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California Studies in Food and Culture #3: Food Politics: How the Food Industry Influences Nutritionby Marion Nestle
Synopses & Reviews
We all witness, in advertising and on supermarket shelves, the fierce competition for our food dollars. In this engrossing exposé, Marion Nestle goes behind the scenes to reveal how the competition really works and how it affects our health. The abundance of food in the United States--enough calories to meet the needs of every man, woman, and child twice over--has a downside. Our overefficient food industry must do everything possible to persuade people to eat more--more food, more often, and in larger portions--no matter what it does to waistlines or well-being.
Like manufacturing cigarettes or building weapons, making food is very big business. Food companies in 2000 generated nearly $900 billion in sales. They have stakeholders to please, shareholders to satisfy, and government regulations to deal with. It is nevertheless shocking to learn precisely how food companies lobby officials, co-opt experts, and expand sales by marketing to children, members of minority groups, and people in developing countries. We learn that the food industry plays politics as well as or better than other industries, not least because so much of its activity takes place outside the public view.
Editor of the 1988 Surgeon General's Report on Nutrition and Health, Nestle is uniquely qualified to lead us through the maze of food industry interests and influences. She vividly illustrates food politics in action: watered-down government dietary advice, schools pushing soft drinks, diet supplements promoted as if they were First Amendment rights. When it comes to the mass production and consumption of food, strategic decisions are driven by economics--not science, not common sense, and certainly not health.
No wonder most of us are thoroughly confused about what to eat to stay healthy. An accessible and balanced account, Food Politics will forever change the way we respond to food industry marketing practices. By explaining how much the food industry influences government nutrition policies and how cleverly it links its interests to those of nutrition experts, this pathbreaking book helps us understand more clearly than ever before what we eat and why.
"A courageous and masterful exposé."--Julia Child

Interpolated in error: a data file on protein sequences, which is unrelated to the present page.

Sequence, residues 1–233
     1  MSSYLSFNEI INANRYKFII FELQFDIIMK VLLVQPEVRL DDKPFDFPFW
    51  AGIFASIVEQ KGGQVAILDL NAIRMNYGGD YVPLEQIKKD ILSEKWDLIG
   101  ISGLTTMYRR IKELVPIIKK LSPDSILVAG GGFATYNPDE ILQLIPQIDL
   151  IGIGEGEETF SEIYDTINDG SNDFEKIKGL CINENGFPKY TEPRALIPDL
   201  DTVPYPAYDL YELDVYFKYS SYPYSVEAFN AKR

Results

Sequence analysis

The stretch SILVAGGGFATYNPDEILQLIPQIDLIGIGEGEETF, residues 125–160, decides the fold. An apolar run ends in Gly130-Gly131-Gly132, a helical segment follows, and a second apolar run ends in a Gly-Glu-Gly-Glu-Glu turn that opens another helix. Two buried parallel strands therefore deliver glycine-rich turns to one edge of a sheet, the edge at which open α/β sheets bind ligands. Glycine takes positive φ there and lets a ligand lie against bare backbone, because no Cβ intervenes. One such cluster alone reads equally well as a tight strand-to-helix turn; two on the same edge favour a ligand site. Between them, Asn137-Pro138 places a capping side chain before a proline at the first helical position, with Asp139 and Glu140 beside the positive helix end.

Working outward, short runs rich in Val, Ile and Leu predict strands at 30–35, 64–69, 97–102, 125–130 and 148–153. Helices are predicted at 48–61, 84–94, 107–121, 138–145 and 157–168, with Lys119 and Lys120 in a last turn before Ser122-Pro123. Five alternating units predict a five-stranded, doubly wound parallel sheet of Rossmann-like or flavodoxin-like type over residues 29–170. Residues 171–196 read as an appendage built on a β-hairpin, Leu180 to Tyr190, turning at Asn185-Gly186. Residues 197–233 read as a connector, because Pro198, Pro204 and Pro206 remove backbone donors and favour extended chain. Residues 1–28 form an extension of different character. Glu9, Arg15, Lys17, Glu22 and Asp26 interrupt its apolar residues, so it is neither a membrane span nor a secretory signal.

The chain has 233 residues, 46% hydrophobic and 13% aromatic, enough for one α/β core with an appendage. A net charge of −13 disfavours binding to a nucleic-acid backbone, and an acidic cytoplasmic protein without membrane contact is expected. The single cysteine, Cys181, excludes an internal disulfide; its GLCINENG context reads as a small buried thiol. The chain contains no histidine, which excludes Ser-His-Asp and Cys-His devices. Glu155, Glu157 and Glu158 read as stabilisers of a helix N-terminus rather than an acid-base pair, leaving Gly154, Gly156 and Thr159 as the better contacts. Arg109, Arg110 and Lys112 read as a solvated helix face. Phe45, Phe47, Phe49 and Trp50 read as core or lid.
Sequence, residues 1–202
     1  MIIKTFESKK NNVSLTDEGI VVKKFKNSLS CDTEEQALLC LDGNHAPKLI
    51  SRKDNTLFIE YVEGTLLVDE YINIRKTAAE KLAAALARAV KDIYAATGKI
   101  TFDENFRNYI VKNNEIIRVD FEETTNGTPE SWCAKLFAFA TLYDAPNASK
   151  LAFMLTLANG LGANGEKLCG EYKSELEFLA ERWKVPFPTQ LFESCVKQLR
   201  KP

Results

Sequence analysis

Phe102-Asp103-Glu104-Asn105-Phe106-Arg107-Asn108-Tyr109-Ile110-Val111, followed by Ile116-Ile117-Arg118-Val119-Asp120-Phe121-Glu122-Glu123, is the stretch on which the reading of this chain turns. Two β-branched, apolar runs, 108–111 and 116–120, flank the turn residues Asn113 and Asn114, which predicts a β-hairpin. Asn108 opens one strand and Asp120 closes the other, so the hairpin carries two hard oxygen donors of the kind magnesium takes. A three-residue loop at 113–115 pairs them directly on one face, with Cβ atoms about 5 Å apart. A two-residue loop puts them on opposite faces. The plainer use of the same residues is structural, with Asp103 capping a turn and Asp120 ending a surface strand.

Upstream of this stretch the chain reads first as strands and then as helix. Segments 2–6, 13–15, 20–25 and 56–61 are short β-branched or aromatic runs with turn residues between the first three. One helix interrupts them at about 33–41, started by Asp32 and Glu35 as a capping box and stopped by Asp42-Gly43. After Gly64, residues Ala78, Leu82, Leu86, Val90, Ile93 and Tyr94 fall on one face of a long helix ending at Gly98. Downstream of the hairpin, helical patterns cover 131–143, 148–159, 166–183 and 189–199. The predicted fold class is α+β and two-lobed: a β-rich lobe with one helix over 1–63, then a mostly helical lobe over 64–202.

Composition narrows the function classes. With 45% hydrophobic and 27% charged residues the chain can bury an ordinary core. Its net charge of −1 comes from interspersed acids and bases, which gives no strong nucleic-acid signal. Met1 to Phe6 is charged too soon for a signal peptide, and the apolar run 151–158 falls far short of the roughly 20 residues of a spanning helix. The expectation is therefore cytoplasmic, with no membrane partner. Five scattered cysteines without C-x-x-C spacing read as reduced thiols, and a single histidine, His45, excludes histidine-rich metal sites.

"If you eat, you should read this book."--Eric Schlosser, author of Fast Food Nation
An accessible and balanced account, Food Politics laid the groundwork for today's food revolution and changed the way we respond to food industry marketing practices. Now, a new introduction and concluding chapter bring us up to date on the key events in that movement. This pathbreaking, prize-winning book helps us understand more clearly than ever before what we eat and why.
About the Author
Marion Nestle is Professor and Chair of the Department of Nutrition and Food Studies at New York University. Author of Nutrition in Clinical Practice (1985), she has served as a nutrition policy advisor to the Department of Health and Human Services and as a member of nutrition and science advisory committees to the U.S. Department of Agriculture and the Food and Drug Administration. She is the author of Safe Food: Bacteria, Biotechnology, and Bioterrorism (California, 2003).
Table of Contents
Introduction: The Food Industry and "Eat More"
Undermining Dietary Advice
1. From "Eat More" to "Eat Less," 19001990
2. Politics versus Science: Opposing the Food Pyramid, 19911992
3. "Deconstructing" Dietary Advice
Working the System
4. Influencing Government: Food Lobbies and Lobbyists
5. Co-opting Nutrition Professionals
6. Winning Friends, Disarming Critics
7. Playing Hardball: Legal and Not
8. Starting Early: Underage Consumers
9. Pushing Soft Drinks: "Pouring Rights"
Deregulating Dietary Supplements
10. Science versus Supplements: "A Gulf of Mutual
11. Making Health Claims Legal: The Supplement Industrys
War with the FDA
12. Deregulation and Its Consequences
13. Go Forth and Fortify
14. Beyond Fortification: Making Foods Functional
15. Selling the Ultimate Techno-Food: Olestra
Conclusion: The Politics of Food Choice
Appendix: Issues in Nutrition and Nutrition Research
List of Tables
List of Figures
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